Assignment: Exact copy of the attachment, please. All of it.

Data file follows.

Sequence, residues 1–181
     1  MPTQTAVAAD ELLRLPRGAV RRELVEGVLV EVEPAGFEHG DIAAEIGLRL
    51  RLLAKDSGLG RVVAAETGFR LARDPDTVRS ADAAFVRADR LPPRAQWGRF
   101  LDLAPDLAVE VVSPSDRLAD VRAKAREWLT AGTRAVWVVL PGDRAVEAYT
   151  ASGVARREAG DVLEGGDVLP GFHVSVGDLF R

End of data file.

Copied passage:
Sequence, residues 1–181
     1  MPTQTAVAAD ELLRLPRGAV RRELVEGVLV EVEPAGFEHG DIAAEIGLRL
    51  RLLAKDSGLG RVVAAETGFR LARDPDTVRS ADAAFVRADR LPPRAQWGRF
   101  LDLAPDLAVE VVSPSDRLAD VRAKAREWLT AGTRAVWVVL PGDRAVEAYT
   151  ASGVARREAG DVLEGGDVLP GFHVSVGDLF R